One of those areas is the famous gardens that now have the name of the former park. This is located at the end of Legoland. It is a peaceful stroll (I did not see a single kid), but be warned that the beautiful bridges are steep; if you are not sure about crossing them, do the following: when you enter the gardens, make a left to see the Lego Southern Belle sitting next to the lagoon with the gazebo in the background. It is a lovely sight to take a picture of you with the figure. Then return to the entrance and continue to the right side of the gardens where you will see the gazebo up close. If you continue further you will find a jaw dropping Banyan tree; not to be missed. By doing this, you skip two steep bridges. The pathways in the gardens are narrow though.
The centerpiece of Legoland is "Miniland"; this place has wide pathways and it is easy to navigate. You will be able to see every detail from your wheelchair.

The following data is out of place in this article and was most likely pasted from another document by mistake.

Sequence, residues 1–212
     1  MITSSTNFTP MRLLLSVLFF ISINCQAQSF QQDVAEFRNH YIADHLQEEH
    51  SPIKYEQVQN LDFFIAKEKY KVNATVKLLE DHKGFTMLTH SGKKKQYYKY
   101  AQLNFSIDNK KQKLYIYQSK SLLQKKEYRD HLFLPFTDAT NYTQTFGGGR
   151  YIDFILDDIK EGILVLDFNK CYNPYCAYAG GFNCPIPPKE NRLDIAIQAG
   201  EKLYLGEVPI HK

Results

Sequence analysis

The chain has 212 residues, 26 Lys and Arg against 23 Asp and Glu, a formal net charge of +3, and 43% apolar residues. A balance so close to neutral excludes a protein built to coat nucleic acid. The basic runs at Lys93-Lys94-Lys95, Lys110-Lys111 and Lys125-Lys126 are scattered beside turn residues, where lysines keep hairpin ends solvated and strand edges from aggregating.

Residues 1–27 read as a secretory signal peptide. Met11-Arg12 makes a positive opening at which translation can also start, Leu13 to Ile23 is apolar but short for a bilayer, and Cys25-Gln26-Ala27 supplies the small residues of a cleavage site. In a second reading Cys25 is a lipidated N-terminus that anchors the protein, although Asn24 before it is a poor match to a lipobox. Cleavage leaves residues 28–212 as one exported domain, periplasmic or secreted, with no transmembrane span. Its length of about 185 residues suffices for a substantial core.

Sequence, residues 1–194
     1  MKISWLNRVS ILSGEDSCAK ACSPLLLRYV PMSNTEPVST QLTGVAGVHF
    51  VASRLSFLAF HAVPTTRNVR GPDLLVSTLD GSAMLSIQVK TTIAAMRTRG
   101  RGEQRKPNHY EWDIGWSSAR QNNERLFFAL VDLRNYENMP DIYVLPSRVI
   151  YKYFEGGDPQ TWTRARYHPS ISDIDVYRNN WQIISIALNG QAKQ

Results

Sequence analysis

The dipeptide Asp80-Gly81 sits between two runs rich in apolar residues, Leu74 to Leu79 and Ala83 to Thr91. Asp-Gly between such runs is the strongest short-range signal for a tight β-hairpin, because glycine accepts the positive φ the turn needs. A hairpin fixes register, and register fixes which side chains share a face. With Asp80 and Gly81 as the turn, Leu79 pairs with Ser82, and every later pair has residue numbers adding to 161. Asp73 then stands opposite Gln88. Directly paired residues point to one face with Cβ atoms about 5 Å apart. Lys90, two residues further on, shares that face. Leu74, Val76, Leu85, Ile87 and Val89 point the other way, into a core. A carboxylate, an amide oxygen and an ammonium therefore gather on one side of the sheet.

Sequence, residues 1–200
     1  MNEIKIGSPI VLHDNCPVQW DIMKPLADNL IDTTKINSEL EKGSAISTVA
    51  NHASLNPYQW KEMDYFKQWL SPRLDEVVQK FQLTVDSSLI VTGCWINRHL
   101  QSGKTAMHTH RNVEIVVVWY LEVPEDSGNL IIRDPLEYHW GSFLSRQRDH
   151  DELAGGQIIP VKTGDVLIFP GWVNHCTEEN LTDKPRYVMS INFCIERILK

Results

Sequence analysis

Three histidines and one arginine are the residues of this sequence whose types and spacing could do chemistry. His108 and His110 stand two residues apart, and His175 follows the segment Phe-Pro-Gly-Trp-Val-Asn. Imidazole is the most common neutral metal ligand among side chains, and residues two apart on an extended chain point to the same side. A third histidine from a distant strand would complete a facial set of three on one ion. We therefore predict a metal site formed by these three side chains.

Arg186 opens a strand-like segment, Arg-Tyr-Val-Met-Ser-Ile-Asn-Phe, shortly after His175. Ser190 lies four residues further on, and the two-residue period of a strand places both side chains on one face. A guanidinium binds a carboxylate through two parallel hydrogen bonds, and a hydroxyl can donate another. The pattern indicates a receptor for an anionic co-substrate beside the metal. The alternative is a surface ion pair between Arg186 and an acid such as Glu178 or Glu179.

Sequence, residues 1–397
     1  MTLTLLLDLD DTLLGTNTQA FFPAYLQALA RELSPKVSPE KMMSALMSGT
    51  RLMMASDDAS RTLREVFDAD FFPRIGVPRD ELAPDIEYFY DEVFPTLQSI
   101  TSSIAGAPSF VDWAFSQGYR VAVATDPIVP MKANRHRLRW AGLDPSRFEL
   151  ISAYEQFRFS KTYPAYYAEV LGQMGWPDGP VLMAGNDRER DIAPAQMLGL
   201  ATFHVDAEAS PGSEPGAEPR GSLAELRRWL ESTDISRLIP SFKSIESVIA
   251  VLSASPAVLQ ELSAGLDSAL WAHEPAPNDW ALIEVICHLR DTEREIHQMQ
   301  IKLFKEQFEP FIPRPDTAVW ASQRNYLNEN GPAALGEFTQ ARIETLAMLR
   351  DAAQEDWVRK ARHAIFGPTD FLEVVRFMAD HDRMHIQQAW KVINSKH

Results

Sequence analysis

If you are a parent with a kid in a wheelchair, none of the rides are wheelchair accessible; this means that you cannot get the wheelchair into the ride’s vehicles. On the other hand, it does not look that hard to transfer them into the rides. It is also worth mentioning that there are rides that are not for kids with upper torso weakness (like the "Royal Joust"). I did not ride "Islands in the Sky" (which gives you a bird’s view of the park), but it looks too narrow to fit a wheelchair; go to guest relations or ask at the entrance of that attraction to see if they can accommodate a wheelchair.
Restaurants and stores at Legoland are wheelchair friendly.
Pack your wheelchair and head to Legoland Florida. Just watch out for those kids.Tweet
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